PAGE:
We’ve been warned about the dangers of “frolleagues”, the friends we have at work that often fill the void left by having too little time for an external social life. As far back as 2008, Linkedin claimed that: “47% of the UK’s web users are mixing their social and professional lives by accepting networking invitations from ‘frolleagues’ – colleagues who send friendship requests”. And that has brought with it the added danger of being indiscreet with information or behaviour that is probably best kept away from the workplace.
The frolleague phenomenon isn’t only confined to social media. A recent survey of employees reported that “83% count colleagues as friends (frolleagues), with 89% saying they value the friendships”. Linkedin’s original warning offered examples of how employees had got into serious trouble by being clumsily indiscreet with their personal information that was shared with, and then by, frolleagues. Previous generations before the rise of social media were firm about not mixing business with pleasure – and this has formed the basis for many a Hollywood movie.
But despite the obvious risks, the frolleague phenomenon is on the rise – some frolleagues spending more time with each other than with their own partners. You’ve only got to look at how many bars and restaurants in office precincts are packed during the evening – well after the end of official working hours.
For many people this involves drinking to de-stress after work. But for others, it is a chance to meet up with friends – and if those friends happen to be work colleagues, well, that’s a good thing. Isn’t it?
According to a study from workplace consultants Peldon Rose, frolleagues are an essential element in the formula for workplace happiness and productivity. Other studies have also suggested that workplace friendships foster health and social well-being.
A survey from corporate consultancy Globoforce in the United States suggests that it pays to have friends at work – 89% of respondents said that relationships at work impact their quality of life, while 61% reported that their colleagues have supported them through a rough time in their lives. The report goes on to say:
Those who do not feel connected to their organisations through their co-workers appear to be disconnected from their organisations in every way. Those with many friends are much more deeply connected to their companies, and indeed are almost three times more likely to say they love working there.
Frolleagues may be good for business, but they may also provide the support we need in increasingly stressful and complex environments. In competitive working environments, some colleagues may let us fall and fail – whereas we rely on frolleagues to warn us and even stand beside us if we get something wrong. Given the rise in stress felt by many employees, it isn’t surprising that frolleagues are on the rise – it’s a coping mechanism.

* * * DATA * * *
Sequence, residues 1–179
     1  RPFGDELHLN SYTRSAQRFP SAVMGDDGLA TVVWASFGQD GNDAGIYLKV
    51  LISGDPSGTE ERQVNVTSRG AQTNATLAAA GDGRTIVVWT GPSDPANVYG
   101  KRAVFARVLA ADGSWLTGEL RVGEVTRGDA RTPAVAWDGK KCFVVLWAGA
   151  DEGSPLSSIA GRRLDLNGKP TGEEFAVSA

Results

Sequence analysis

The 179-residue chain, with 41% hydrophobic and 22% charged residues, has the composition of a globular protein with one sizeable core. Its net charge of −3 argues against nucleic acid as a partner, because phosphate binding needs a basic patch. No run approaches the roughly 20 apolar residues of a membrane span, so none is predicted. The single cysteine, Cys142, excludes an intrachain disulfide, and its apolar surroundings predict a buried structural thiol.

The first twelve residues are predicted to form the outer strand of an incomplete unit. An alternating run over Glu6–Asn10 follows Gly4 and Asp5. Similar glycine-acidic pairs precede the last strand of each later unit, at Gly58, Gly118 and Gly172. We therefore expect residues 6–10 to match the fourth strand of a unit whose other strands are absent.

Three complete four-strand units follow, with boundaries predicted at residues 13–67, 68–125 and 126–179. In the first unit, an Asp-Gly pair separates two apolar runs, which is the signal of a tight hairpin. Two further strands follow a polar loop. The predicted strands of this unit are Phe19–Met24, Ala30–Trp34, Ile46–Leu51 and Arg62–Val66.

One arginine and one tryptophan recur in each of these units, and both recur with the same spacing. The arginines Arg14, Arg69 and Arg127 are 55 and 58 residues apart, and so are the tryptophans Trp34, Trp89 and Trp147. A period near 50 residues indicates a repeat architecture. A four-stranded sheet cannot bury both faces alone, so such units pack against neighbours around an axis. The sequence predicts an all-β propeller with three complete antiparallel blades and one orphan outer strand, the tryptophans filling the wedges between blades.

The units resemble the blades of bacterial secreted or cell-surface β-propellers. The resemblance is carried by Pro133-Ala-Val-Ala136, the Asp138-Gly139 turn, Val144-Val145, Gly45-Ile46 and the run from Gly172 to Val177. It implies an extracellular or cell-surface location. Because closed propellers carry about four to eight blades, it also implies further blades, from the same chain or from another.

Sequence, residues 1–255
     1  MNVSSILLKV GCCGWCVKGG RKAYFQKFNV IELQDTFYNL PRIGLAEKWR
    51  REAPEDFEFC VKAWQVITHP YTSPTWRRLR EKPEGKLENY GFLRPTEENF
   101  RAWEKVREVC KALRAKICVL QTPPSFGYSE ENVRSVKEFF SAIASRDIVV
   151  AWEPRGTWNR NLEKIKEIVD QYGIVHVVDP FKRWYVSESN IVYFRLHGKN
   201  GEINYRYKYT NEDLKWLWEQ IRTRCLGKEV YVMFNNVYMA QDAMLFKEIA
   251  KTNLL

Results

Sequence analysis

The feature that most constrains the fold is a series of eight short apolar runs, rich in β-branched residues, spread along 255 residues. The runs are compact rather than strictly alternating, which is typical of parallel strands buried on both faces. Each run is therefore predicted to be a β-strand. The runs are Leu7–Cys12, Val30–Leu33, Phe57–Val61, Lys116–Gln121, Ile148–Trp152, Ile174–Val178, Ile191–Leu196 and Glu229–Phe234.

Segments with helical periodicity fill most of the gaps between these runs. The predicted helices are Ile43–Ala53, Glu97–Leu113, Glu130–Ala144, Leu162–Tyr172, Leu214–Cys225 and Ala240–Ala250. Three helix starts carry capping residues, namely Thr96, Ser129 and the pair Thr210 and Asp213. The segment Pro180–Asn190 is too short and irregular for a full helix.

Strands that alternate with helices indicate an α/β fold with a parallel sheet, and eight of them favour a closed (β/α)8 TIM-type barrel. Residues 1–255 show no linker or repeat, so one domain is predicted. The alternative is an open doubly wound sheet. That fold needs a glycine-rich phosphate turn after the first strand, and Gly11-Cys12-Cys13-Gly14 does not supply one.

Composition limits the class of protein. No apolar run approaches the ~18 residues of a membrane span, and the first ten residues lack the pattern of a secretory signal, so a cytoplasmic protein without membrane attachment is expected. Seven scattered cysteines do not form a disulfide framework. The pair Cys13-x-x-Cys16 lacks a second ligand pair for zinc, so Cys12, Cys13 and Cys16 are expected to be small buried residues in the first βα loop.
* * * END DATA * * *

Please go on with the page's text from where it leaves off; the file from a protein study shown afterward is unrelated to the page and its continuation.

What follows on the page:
Beware the false frolleague
My own research explores the rise of the social media generation. Frolleagues are a natural consequence of the “friending” phenomenon of social media platforms such as Facebook. And this is where the dangers arise.
Blurring the lines between work and play, between office and home, also blurs the line that forms our work-life balance. Even as we develop frolleagues, many staff are expressing how highly they value a border between home and work. The danger of replacing your outside of work friends with frolleagues is that your experience of having friends ends when you get home, that you degrade and dilute your social relationships outside of work, or even that work begins to invade your home life.
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Work is always going to be agenda-based, and that agenda is always present in the background of any frolleague relationships. We come into a direct, and often stressful conflict of interest every time one of our frolleagues breaks company rules.
Outside of work our friendship might be at stake; at work our job and possibly our career is at stake. One whistleblower who was sacked after revealing wrongdoing at his workplace reflected:
What haunts me most is the [betrayal of] colleagues who I had considered friends, who had worked with me and supported me – when I was dismissed, I suddenly became persona non grata.
So, there are downsides to relying too much on the support of your friends at work.
New boundaries needed
Work can follow us wherever we go. Having frolleagues can mean we have a 24/7 relationship with work, unless we place those friendships consciously. Our friendships may need to take on new boundaries where our professionalism isn’t abandoned when we make friends at work but simply redefines what friendship means. Some organisations are considering the governance issues around frolleagues, largely driven by the online connections we make with colleagues via social media.
Turning off our emails after 6pm is on the agenda of many organisations who want us to let go of work and arrive refreshed the next day. Yet with frolleagues the “work-flavoured” conversations simply displace into other channels, primarily our smart-phones.
A new skill set is potentially emerging here. There are undoubted benefits to developing frolleague relationships at work, that can energise us, make work more enjoyable and assist team work. Yet we will need to ensure they don’t harm our lives outside of work. Employees may need to become more aware of the risks of frolleague relationships, how to stay safe at work, just as we bring our children up to stay safe on the streets.
Keeping those friendships in their place may require new skills, and smarter approaches to our social media. The jury is currently out on whether 24-7 colleagues will simply re-frame work-life balance radically or destroy it.